Monday 12 December 2011

Hà Giang Landscape

OK, time for some variety. Hà Giang not only has wonderful people, it also boasts a very impressive karst landscape. It's a rugged mountain landscape, characterised by conical mountain tops. The highland close to Dồng Văn is a good example, have a look at the Google Maps satellite image below.

Hà Giang View

Despite all that natural beauty, I did not take many landscape pictures, because it was permanently hazy throughout our trip. Leading to very boring even grey images. There were a few exceptions, where the haze actually lent a beautiful atmosphere itself. The shot above is an example.

It was taken at the green arrow in the satellite image below. It's taken in South East direction, so you'll need to move the map to see the mountains it depicts.

View Larger Map

On the map you can see the strange karst landscape in the highlands. Think Ha Long Bay without the water. Or, as far as I can judge from pictures, from the more famous karst in Yunnan, China. (The border to Yunnan is about 2mi away from this point.)

Sunday 11 December 2011

Picture Sharing 2

The camera is such a great prop. Especially someone else's.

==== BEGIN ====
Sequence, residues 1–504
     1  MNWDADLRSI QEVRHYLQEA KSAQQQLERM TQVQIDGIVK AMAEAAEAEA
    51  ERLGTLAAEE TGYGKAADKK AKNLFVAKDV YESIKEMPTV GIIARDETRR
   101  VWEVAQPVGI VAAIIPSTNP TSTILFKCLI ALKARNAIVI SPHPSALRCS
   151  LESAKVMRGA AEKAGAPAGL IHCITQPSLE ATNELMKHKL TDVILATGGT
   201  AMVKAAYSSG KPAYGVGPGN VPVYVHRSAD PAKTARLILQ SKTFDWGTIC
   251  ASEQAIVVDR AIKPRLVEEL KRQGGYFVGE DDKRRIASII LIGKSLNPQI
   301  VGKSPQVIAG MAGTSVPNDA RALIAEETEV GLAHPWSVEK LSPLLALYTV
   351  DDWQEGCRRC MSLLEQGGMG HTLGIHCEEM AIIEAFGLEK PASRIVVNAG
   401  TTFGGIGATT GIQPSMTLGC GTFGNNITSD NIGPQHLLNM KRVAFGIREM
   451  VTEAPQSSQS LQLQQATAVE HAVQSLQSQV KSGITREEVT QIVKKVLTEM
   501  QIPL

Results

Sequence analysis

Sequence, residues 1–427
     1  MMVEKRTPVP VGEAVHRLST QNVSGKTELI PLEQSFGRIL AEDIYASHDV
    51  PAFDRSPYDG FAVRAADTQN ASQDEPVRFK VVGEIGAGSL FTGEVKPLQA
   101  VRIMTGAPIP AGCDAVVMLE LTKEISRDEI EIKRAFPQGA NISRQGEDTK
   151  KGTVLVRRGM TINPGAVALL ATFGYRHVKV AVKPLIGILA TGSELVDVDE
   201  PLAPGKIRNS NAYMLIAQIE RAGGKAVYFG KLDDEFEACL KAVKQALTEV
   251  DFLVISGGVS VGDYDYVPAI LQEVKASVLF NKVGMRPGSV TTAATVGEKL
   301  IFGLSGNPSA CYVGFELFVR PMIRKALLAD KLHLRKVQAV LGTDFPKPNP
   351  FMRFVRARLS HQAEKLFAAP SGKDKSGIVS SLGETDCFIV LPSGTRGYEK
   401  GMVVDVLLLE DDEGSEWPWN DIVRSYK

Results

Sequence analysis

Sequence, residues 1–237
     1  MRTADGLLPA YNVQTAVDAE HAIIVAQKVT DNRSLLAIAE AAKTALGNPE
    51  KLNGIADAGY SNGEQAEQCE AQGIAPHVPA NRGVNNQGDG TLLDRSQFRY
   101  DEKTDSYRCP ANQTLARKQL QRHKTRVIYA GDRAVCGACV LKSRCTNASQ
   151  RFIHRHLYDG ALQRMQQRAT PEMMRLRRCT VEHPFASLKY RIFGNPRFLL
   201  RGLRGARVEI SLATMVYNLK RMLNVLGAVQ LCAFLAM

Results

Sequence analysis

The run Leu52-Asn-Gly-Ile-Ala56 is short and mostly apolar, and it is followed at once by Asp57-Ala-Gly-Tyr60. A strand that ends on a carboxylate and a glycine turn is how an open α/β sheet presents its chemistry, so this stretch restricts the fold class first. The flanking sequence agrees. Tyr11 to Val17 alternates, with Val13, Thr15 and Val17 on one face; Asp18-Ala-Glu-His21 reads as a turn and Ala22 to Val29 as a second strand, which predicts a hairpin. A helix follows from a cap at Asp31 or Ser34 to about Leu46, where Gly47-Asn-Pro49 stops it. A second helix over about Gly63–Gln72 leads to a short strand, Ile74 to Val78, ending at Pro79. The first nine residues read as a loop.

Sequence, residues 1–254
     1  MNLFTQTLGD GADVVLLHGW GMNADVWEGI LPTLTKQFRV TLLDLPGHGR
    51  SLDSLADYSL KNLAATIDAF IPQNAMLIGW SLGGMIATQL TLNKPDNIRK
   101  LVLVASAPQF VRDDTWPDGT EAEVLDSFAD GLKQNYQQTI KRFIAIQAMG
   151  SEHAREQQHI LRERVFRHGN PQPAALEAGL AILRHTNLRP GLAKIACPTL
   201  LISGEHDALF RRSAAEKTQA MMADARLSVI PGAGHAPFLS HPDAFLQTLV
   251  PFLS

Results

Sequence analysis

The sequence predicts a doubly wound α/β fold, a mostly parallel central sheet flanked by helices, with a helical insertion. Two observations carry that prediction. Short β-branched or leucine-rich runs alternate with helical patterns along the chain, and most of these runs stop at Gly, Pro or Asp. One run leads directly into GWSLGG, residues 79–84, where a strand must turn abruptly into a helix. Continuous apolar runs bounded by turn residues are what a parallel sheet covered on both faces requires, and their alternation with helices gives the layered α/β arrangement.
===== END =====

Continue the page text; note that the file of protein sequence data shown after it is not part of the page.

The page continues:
We had lunch at this place in Dồng Văn in Hà Giang province in the far north of Vietnam. One of the cooks was very photogenic. With 4 photographers, someone is bound to ask and get a shot. And show it to her, on the back of the camera.

Which is the moment I captured. She's shy but flattered, looking at her fresh portrait.

Technical: The lighting is simple - all natural, from the open shop front on the left. Classic window lighting I guess, but in a fairly dark room.

Friday 9 December 2011

Picture Sharing

I've been posting a lot of what could have been posted on this blog to Google+. I will catch up and repost and expand some of those posts here.

Digital Photography

One of my favourite images from the Hà Giang trip.

It captures one of the best things about it - the joy of digital photography not just to the photographer but also to the subjects. Whenever we turned around the camera to show our (their) shots, the smiles just beamed. It turned the one-way click of the shutter to real contact. And that usually rubbed off on the rest of the shots.

I tried to capture this many many times, but only this one worked. I simply tried until luck struck, and all faces lined up just right.

I hope to go back one day, and give some of my subjects a print. (No, that is not entirely altruistic:-)

Like the next post, this also shows what a great prop a camera can be - especially the back of someone else's camera. More to come!